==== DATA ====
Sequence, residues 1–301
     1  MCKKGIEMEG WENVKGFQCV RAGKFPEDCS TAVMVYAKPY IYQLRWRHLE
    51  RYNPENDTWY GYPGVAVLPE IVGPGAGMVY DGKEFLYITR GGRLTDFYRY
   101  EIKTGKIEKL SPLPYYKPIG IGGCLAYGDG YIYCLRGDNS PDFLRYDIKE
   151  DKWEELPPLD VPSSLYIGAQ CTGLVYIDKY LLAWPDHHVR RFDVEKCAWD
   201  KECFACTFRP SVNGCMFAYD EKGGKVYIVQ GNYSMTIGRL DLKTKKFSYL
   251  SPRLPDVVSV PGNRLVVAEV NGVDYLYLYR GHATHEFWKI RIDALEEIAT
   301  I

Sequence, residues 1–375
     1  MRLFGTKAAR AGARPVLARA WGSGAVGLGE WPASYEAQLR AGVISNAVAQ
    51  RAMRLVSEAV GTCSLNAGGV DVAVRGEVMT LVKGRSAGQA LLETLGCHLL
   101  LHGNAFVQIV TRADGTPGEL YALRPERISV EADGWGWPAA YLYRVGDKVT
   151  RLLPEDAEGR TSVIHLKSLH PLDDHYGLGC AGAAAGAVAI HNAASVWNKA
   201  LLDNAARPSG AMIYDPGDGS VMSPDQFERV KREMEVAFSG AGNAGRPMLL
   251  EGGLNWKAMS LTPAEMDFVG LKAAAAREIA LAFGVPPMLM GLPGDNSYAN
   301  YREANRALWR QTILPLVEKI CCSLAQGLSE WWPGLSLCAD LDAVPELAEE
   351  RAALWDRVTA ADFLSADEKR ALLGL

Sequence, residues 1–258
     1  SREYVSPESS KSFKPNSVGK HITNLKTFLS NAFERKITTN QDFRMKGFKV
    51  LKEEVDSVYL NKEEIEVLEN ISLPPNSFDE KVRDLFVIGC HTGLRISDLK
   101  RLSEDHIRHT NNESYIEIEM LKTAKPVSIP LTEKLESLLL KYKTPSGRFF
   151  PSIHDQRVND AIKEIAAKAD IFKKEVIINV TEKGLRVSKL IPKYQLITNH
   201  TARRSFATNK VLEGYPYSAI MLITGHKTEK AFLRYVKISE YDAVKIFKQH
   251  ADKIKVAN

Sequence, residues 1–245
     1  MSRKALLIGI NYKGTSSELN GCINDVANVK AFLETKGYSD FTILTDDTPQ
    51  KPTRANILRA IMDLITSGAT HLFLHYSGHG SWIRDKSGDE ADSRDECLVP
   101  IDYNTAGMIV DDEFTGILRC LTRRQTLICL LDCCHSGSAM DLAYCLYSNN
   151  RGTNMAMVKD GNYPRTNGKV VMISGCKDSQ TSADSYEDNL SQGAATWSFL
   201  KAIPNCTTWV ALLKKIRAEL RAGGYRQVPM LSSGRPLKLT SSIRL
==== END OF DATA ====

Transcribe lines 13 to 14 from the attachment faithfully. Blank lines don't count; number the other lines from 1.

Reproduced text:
   151  RLLPEDAEGR TSVIHLKSLH PLDDHYGLGC AGAAAGAVAI HNAASVWNKA
   201  LLDNAARPSG AMIYDPGDGS VMSPDQFERV KREMEVAFSG AGNAGRPMLL